Keeping The Line Moving Is Moving

, , , | Hopeless | May 20, 2018

(I am a manager at a popular discount store, known for being constantly understaffed and having ridiculously long lines. We also don’t have the nicest customers. I’ve had a lot of people quit for getting cussed and screamed at over things that were out of their control. It’s a Friday, and it’s already a s***show. Two cashiers called out, and another cashier had to leave in the middle of her shift for a family emergency, leaving one cashier and me to run the registers and get through a line of 50 to 60 people, and a fitting room attendant who is also swamped with people. A little old lady comes up to my register with two large and heavy dining sets.)

Old Woman: “I know it’s very busy, but do you think it would be possible to have someone bring these dishes to my car? I’m parked in the first row, so it’s not very far.”

(I bite my lip. Our shopping carts don’t go outside because they have a pole attached that stops them. Due to liability, employees aren’t allowed in the parking lot while on the clock, not even to help take purchases to a customer’s car. Not to mention, only three people are working in the store right now, so even if we could, one of us would have to hop off register to help, leaving only one cashier.)

Me: “Okay, ma’am… Unfortunately, we’re not allowed to step into the parking lot while on the clock. But if you would like to pull your car up to the curb, you can leave your cart here and I will watch it for you. One of us can hop off register and get it into your car for you.”

(The woman nods and accepts the help as-is. Then, a younger, male customer in line starts to push his way to the front of the line, abandoning his cart right in the middle.)

Male Customer: “Don’t worry about it, miss. I’ll help take her things to her car.”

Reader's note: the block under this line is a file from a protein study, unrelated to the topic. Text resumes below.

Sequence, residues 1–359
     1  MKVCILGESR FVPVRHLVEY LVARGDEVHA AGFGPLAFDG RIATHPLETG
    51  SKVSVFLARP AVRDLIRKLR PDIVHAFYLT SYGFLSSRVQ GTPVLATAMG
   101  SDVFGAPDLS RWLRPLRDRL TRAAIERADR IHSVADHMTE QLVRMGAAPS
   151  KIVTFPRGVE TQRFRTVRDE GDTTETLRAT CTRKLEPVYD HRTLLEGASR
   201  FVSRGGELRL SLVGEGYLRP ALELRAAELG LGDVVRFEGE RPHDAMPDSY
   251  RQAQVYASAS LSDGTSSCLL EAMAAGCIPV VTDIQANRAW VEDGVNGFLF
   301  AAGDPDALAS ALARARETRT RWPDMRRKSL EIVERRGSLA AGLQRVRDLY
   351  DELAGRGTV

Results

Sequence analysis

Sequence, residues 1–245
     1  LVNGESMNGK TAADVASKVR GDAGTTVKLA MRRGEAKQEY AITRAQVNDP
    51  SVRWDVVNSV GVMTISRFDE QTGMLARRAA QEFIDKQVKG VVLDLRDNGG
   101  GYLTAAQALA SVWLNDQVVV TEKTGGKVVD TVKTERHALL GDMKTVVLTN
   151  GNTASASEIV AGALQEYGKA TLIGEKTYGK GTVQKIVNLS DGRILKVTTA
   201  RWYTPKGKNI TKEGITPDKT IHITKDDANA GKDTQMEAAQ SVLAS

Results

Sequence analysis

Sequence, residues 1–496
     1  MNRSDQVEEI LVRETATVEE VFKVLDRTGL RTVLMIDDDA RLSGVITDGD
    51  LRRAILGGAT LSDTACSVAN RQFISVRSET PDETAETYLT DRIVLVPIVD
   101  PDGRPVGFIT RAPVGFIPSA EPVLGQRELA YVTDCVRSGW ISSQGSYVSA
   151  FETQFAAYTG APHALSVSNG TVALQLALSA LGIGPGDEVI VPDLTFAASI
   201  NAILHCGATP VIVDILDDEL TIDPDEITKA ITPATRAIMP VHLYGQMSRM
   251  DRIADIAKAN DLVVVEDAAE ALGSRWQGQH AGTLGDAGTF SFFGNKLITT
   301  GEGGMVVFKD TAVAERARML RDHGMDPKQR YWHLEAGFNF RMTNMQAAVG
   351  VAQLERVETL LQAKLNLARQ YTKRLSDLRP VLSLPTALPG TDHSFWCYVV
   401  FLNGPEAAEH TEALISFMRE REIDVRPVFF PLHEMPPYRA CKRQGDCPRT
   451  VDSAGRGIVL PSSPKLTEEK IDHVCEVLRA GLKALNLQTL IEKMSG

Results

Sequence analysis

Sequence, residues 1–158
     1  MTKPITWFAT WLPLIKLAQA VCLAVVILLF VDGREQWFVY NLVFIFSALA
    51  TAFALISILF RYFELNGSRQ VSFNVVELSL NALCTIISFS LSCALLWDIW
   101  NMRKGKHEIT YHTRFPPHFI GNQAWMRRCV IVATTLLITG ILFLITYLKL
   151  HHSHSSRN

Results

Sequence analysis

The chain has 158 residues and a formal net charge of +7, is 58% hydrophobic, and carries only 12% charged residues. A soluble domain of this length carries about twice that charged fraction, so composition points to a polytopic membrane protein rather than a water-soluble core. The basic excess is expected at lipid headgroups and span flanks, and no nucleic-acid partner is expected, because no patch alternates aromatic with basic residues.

Old Woman: “Oh, no, you don’t have to do that. You’ll lose your place in that line. I’m sure I can manage.”

Male Customer: “I’m in no hurry. I don’t mind waiting again.”

(The male customer turns to address the line.)

Male Customer: “Y’all can just push my cart out of the line; I’ll come back for it later.”

(His cart is bordered by a middle-aged couple and a woman with her kid in a car seat. They all shake their heads.)

Middle-Aged Couple: “We’ll push your cart through the line. We’ll save your spot.”

Male Customer: “Are you sure? You don’t have to do that.”

Mom Customer: “Don’t worry about it. We’ve got you!”

(I thank the customer profusely for helping the old woman out so that neither I, nor my cashier, have to sacrifice the current speed of the line. He gives me a big smile.)

Male Customer: “My mama would have my throat if I didn’t help someone in need. Y’all just keep doing what you’re doing; you’re doing a great job!”

(The guy picked up both of the dish sets at the same time and walked them to the old woman’s car. While he was gone, his shopping cart skipped the entire line to the front, so when he got back, he was next to checkout. Just shows that sometimes there are very good and nice people in this world!)

Adding Value To Humanity

, , , | Hopeless | May 19, 2018

(My friends and I have stopped at the grocery store, because we are going to a movie and want some candy and other assortments for a cheaper price.)